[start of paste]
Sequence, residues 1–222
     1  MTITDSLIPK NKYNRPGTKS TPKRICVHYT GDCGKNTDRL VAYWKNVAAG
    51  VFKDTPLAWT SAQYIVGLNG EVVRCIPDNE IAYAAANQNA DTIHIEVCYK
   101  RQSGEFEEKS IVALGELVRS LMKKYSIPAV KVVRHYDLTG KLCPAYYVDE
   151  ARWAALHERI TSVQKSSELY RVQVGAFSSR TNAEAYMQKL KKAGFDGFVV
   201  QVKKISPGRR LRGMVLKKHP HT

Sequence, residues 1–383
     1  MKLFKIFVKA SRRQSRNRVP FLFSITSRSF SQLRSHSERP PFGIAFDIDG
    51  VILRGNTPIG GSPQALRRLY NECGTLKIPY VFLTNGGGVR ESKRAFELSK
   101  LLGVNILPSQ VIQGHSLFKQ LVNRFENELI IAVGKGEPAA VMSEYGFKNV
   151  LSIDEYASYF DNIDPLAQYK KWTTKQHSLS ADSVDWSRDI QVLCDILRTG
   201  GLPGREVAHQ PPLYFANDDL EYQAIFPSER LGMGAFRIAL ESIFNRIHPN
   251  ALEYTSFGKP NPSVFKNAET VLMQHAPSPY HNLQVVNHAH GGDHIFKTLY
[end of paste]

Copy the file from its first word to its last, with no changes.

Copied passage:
Sequence, residues 1–222
     1  MTITDSLIPK NKYNRPGTKS TPKRICVHYT GDCGKNTDRL VAYWKNVAAG
    51  VFKDTPLAWT SAQYIVGLNG EVVRCIPDNE IAYAAANQNA DTIHIEVCYK
   101  RQSGEFEEKS IVALGELVRS LMKKYSIPAV KVVRHYDLTG KLCPAYYVDE
   151  ARWAALHERI TSVQKSSELY RVQVGAFSSR TNAEAYMQKL KKAGFDGFVV
   201  QVKKISPGRR LRGMVLKKHP HT

Sequence, residues 1–383
     1  MKLFKIFVKA SRRQSRNRVP FLFSITSRSF SQLRSHSERP PFGIAFDIDG
    51  VILRGNTPIG GSPQALRRLY NECGTLKIPY VFLTNGGGVR ESKRAFELSK
   101  LLGVNILPSQ VIQGHSLFKQ LVNRFENELI IAVGKGEPAA VMSEYGFKNV
   151  LSIDEYASYF DNIDPLAQYK KWTTKQHSLS ADSVDWSRDI QVLCDILRTG
   201  GLPGREVAHQ PPLYFANDDL EYQAIFPSER LGMGAFRIAL ESIFNRIHPN
   251  ALEYTSFGKP NPSVFKNAET VLMQHAPSPY HNLQVVNHAH GGDHIFKTLY